[FOM] Definable sets in ZFC
f.rabe at jacobs-university.de
Tue Sep 14 20:16:06 EDT 2010
I have some questions regarding definable sets. To be precise, let me say what I mean by "definable":
- Let ZF be the first-order language of set theory with the usual axioms. If the answer to any of my questions depends on the choice of axioms (e.g., with/without choice), I would be very interested in that as well.
- Call a set S definable if there is a ZF-formula F(x) such that "exists^! x.F(x)" is a theorem and F(S) holds. Here exists^! is the quantifier of unique existence.
Clearly, not all sets are definable because there are only countably many formulas F. Therefore, my questions:
1) What are some examples of non-definable sets?
I'm particularly interested in sets that
- can be described informally as in "the set S which ..."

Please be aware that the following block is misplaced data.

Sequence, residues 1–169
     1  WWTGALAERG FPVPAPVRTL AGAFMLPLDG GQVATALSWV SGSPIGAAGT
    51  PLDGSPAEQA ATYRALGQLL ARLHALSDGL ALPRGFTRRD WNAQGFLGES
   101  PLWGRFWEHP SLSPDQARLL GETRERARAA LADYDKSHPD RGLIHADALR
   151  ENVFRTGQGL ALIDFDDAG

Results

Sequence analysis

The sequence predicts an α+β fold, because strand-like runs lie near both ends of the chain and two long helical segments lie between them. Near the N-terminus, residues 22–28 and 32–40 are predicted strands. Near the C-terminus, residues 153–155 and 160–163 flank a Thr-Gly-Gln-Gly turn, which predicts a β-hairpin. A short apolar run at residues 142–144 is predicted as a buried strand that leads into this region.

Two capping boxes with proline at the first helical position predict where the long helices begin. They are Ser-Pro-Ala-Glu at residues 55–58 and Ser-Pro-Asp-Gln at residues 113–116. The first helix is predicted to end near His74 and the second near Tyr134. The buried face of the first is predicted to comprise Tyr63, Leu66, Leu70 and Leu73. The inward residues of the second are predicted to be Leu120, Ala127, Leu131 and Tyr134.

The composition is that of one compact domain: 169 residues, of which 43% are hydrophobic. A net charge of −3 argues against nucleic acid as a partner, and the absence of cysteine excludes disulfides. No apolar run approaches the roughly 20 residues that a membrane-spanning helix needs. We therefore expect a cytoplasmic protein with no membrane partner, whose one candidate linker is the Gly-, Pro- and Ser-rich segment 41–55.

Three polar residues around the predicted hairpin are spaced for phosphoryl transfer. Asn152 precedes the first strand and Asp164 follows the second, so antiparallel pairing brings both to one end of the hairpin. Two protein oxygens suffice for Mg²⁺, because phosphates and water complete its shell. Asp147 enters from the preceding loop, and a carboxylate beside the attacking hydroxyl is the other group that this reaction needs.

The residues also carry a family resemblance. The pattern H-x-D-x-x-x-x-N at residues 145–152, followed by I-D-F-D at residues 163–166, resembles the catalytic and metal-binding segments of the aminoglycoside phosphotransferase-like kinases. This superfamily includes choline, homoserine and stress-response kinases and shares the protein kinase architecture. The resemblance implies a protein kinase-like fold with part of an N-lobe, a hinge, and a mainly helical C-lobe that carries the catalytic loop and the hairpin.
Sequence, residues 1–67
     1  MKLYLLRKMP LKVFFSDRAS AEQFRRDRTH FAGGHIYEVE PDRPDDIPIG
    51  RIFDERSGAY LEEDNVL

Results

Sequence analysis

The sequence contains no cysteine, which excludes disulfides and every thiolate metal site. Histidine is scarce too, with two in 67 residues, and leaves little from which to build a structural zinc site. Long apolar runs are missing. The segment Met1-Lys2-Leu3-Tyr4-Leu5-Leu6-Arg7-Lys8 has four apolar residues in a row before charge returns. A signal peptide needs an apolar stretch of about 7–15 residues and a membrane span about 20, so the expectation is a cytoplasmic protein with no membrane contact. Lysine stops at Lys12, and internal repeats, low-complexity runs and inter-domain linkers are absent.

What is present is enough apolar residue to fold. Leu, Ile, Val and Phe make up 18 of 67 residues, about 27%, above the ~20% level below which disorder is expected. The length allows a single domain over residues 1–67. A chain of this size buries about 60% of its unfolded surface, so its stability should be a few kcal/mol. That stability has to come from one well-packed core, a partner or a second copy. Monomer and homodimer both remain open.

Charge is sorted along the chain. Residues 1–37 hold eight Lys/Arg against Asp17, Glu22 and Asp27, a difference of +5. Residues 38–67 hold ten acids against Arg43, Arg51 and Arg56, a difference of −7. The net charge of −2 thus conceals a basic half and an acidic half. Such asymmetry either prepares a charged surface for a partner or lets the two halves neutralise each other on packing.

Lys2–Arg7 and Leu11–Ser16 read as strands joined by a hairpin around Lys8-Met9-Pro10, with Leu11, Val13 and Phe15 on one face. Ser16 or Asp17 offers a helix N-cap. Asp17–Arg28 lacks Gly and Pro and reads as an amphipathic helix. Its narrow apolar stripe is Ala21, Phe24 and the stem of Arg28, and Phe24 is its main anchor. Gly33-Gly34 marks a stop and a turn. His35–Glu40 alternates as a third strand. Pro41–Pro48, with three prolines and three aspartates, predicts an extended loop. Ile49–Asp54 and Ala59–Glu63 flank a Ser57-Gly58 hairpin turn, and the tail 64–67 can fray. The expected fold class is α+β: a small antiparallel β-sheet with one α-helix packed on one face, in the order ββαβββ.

- are relevant in mathematical practice
2) Are the definable sets the same as the ones in Gödel's constructible universe?
If not, what is their relation?
3) Do the definable sets form a model of ZF?
4) Is there a set containing
a) exactly the definable sets?
b) at least the definable sets?
5) Is there a ZF formula P(x) such that P(S) is true for
a) exactly the definable sets S?
b) at least the definable sets S (but not for all sets S)?
6) If an answer to 4a-5b is No, are there more expressive variants of ZF for which the answer is Yes?
I'm not sure which of these questions are trivial. I'd appreciate pointers to the literature as well.
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